I recently read “Don’t Eat the Marshmallow … Yet” by Joachim de Posada. It is a great book about self-discipline and deferring immediate gratification. It references an experiment with 600 children between the ages of 4-6 at Stanford. The experiment was conducted in 1972 by psychologist Walter Mischel of Stanford University. The experiment has been repeated many times since, and the original study at Stanford has been “regarded as one of the most successful behavioral experiments”. In the study, a marshmallow was offered to each child. If the child could resist eating the marshmallow for 15 minutes, he was promised two instead of one. The scientists analyzed how long each child resisted the temptation of eating the marshmallow, and whether or not doing so had an effect on their future success. The results provided researchers with great insight on the psychology of self control.
Two thirds of the children ate the marshmallow. They then followed up years later and the one third that did not eat the marshmallow had better SAT scores and was overall more successful in life. I’ve read all sorts of comments and over-analysis of this test but we tend to make things too complicated. The simple fact is self-discipline normally has long term rewards.
I also heard an interview with the author. This book has sold over 2 million copies worldwide in many different languages. There have been 20,000 sold in the United States. Koreans have bought one million copies. When the author was interviewed on a Korean radio program, he asked why the book had sold so many copies in Korea. The interviewer responded “In your book, you identify the secret to success which is self-discipline and the ability to delay gratification. That is why it has not sold well in America. Delaying immediate gratification is America’s Achilles tendon. America has become a nation of consumers and not producers. They spend more than they produce.”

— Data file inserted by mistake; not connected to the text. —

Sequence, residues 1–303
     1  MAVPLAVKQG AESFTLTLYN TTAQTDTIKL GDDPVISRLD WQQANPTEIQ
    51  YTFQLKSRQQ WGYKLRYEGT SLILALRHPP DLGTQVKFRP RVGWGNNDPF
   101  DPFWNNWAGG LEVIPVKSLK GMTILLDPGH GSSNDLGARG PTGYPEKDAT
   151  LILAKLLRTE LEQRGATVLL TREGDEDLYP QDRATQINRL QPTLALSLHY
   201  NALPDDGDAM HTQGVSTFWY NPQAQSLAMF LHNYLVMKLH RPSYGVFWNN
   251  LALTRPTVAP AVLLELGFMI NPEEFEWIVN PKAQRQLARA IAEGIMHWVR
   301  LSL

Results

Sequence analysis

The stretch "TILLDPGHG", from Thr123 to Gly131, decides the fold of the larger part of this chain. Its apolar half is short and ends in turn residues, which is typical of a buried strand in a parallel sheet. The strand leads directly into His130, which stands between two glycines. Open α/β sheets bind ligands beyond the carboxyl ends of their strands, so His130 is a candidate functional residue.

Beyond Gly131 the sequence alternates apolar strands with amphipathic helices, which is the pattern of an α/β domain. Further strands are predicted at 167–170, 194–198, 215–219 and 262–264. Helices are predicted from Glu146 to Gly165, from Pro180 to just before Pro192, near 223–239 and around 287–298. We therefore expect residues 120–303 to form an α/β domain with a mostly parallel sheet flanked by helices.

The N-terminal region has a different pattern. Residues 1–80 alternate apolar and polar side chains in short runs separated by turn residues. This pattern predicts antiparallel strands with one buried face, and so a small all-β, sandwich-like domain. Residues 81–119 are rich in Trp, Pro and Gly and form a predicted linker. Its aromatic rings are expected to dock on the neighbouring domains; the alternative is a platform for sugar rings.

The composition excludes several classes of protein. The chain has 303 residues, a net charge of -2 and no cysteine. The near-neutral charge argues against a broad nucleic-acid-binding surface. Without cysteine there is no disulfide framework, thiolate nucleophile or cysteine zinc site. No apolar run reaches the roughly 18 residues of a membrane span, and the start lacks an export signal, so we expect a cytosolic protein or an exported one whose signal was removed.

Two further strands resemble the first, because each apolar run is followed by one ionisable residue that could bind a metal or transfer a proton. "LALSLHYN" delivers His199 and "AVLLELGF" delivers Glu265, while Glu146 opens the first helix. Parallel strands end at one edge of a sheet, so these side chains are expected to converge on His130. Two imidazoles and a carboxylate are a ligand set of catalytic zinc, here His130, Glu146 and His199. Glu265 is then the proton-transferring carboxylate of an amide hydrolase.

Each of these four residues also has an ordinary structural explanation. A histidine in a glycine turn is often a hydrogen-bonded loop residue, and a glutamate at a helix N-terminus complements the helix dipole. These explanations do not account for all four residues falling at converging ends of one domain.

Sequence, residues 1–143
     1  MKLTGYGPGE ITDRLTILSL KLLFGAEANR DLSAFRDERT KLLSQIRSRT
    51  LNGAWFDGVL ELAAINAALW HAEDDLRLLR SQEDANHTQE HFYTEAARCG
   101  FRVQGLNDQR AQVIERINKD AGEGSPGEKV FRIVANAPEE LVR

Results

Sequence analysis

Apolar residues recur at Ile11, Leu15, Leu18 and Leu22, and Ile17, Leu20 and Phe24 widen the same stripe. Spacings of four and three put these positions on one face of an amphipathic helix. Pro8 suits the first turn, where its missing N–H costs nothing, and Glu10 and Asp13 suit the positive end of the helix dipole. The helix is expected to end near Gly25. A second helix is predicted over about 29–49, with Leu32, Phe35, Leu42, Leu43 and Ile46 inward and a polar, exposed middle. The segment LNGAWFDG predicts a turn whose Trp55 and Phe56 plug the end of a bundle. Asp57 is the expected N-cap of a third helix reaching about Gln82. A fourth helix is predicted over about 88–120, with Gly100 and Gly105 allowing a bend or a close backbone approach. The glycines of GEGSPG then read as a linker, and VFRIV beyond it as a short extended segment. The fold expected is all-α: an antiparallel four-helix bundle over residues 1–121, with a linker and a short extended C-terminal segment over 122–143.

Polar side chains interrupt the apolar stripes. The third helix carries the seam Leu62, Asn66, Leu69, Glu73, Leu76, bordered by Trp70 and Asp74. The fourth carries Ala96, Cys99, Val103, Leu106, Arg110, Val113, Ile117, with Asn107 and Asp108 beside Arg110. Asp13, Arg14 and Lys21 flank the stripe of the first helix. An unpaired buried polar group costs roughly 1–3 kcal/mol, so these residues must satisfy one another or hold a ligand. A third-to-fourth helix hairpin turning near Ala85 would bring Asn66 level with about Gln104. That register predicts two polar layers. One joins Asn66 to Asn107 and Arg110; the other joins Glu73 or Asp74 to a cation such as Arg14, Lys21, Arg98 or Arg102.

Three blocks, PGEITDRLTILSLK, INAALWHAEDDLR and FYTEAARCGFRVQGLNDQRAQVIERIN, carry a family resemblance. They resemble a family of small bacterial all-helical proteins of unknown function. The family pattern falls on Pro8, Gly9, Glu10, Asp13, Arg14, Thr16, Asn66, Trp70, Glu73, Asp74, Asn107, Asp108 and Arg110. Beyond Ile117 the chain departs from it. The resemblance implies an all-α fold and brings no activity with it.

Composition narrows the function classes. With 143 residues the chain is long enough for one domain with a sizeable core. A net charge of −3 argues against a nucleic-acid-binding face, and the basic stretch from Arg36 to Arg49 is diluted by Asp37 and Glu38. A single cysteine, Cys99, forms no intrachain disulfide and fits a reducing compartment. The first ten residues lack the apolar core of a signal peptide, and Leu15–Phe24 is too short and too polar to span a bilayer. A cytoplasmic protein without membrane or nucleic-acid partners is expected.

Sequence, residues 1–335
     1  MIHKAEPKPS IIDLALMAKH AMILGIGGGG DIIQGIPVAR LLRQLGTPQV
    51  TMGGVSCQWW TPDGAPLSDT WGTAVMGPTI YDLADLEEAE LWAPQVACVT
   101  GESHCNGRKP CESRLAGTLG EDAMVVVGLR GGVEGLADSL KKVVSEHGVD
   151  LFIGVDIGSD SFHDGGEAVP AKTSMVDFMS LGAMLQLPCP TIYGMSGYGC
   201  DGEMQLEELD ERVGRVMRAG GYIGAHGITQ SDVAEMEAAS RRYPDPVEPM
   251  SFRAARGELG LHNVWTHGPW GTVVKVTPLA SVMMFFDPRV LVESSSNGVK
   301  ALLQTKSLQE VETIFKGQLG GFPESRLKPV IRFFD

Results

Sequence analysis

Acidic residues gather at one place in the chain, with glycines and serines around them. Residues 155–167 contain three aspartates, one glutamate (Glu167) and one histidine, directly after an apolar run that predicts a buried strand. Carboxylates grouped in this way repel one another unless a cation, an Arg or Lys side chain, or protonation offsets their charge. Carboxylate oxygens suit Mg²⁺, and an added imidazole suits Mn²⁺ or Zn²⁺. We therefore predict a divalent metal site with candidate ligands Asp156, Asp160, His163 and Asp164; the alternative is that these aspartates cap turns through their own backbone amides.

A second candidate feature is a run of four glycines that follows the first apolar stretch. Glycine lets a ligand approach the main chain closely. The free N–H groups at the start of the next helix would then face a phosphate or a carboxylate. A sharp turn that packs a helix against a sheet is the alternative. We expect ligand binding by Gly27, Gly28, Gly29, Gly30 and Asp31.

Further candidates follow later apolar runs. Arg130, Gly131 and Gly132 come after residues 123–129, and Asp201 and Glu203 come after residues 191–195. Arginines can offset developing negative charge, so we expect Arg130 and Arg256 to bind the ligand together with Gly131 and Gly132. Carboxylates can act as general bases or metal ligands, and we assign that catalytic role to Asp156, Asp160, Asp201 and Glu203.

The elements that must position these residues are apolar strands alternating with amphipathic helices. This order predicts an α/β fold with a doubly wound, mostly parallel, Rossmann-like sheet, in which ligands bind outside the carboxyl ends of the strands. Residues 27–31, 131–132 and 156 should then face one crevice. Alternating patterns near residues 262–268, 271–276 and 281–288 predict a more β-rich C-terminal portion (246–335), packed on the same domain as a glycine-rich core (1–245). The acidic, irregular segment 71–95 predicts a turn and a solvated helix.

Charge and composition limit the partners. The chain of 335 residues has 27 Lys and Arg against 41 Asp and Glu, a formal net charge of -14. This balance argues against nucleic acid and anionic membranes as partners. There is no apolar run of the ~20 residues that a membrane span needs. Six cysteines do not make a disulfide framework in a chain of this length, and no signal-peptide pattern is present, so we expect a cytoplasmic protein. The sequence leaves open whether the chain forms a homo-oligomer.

When I heard this comment by the Korean it really upset me…. for about 15 seconds. He was right. I couldn’t form a good argument. We are not healthy, wealthy or wise as a nation. The only thing I came up with was…uh…nothing. The White House will not fix this. Every one of us is responsible for our own success or failure.
In management and leadership, ignoring performance problems is the same as eating the marshmallow immediately. Problems do not go away. Ignoring it is the easy thing to do today but not long term. Waiting and getting two marshmallows is the equivalent of doing what is necessary to improve results, profitability, sustainability and possibly keeping your job.
Moral of the story; Address the performance problem and get two marshmallows.